The AYA Mentoring Programme offers a unique platform for young practitioners to connect with and learn from the experience of more senior members of the arbitration community.
AYA matches “Mentees” to a “Mentor” – through a competitive selection process, and the mentees together with the mentor, form a mentoring group. Each Mentoring Group will works together for 6 months. During this period, the Mentor will be available to each Mentees to provide advice and career guidance, as well as to impart arbitration practical know-how and tips.
The Mentoring programme is tracked, measured, and assessed using early programme assessments, interim feedback sessions, and post evaluations. The assessment metrics for the programme is rooted in (a) completion of programme, (b) goals and objective completed, and (c) skills achieved.
No fee is charged for participation in the Mentoring Programme, and no financial benefits or funding will be available through the Programme.
“The AYA mentoring programme has created a fantastic platform to explore more career opportunities available to young African lawyers interested in commercial arbitration. I have been introduced to some domestic and regional arbitration institutions, which may assist in providing the needed professional support to fully explore my potentials. My mentor has been immensely supportive in providing constructive guidance on the right steps to follow towards achieving my professional aspirations. Generally, my experience so far has been thought provoking, insightful and remarkable.” Mentee: Joy Oti Mentor: Rashida Abdulai (CEO, Strand Sahara, London)Joy Oti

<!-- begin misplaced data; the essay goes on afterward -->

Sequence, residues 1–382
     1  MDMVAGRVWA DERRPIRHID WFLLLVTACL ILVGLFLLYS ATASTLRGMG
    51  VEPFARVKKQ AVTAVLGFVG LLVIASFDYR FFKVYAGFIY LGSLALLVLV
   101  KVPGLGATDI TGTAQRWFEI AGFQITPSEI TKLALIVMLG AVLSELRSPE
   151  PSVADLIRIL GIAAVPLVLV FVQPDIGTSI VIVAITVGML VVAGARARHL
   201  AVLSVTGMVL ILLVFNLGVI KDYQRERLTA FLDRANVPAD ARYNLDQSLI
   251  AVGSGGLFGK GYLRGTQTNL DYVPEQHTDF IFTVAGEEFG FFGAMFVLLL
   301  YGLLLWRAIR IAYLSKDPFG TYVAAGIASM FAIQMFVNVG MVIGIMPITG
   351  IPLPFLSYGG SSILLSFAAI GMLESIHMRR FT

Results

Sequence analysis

“Working as an Advisor, Rule of law in an international government organisation, which aims to support the administration of criminal justice in Nigeria, saw me grappling with the applicability of ADR in the Nigerian Criminal Justice System. My mentor - Mr. John Fellas, Partner with Hughes Hubbard & Reed LLP, New York, gave an interesting idea on how arbitrators can be involved in the plea bargaining process. He suggested the use of retired judges (acting as neutral arbiters for the purpose of the plea bargaining procedure) who will have a great deal of credibility in offering an assessment of what may happen if no plea bargain is reached or in comparing a potential plea deal with the likely outcome at trial. This interesting perspective on such a sensitive topic was among the many benefits that the AYA mentorship programme gave to me. I am happy to have met Mr. Fellas and the knowledge I gained in the programme has positively impacted my job in no small measure.” Mentee: Kate Okoh Mentor: John Fellas (Partner, Hughes Hubbard & Reed, New York)Kate Okoh
“After being paired with Michael Polkinghorne as a mentee, I was happy to find that we have common grounds. Michael’s arbitration practice involves dispute in the areas of energy, project finance, and infrastructure. He also had a transactional background in energy and infrastructure development fields. Having cut my legal teeth in these areas at Olaniwun Ajayi LP in the early years of my career as a transactional lawyer, the initial conversation with Michael was as smooth as a waveless sea. He made me feel at home right from the start. We communicated via emails and on the phone. He always makes sure he responds to my emails. His was an open and direct access. I could call his phone anytime. He made that clear from the beginning also, and I thought that was awesome. Out of his volition, Michael introduced me to Ank Santens, White & Case LLP's dispute partner in New York, through whom I got connected with Paul Friedland, and met Damien Nyer. Damien was just as unassuming as Michael. Through the AYA mentorship program, I have not only benefitted and learnt from one of the doyens of global arbitration, I have gained a friend. Thank you, Michael.” Mentor: Michael Polkinghorne (Partner, White & Case, Paris)Femi Gbede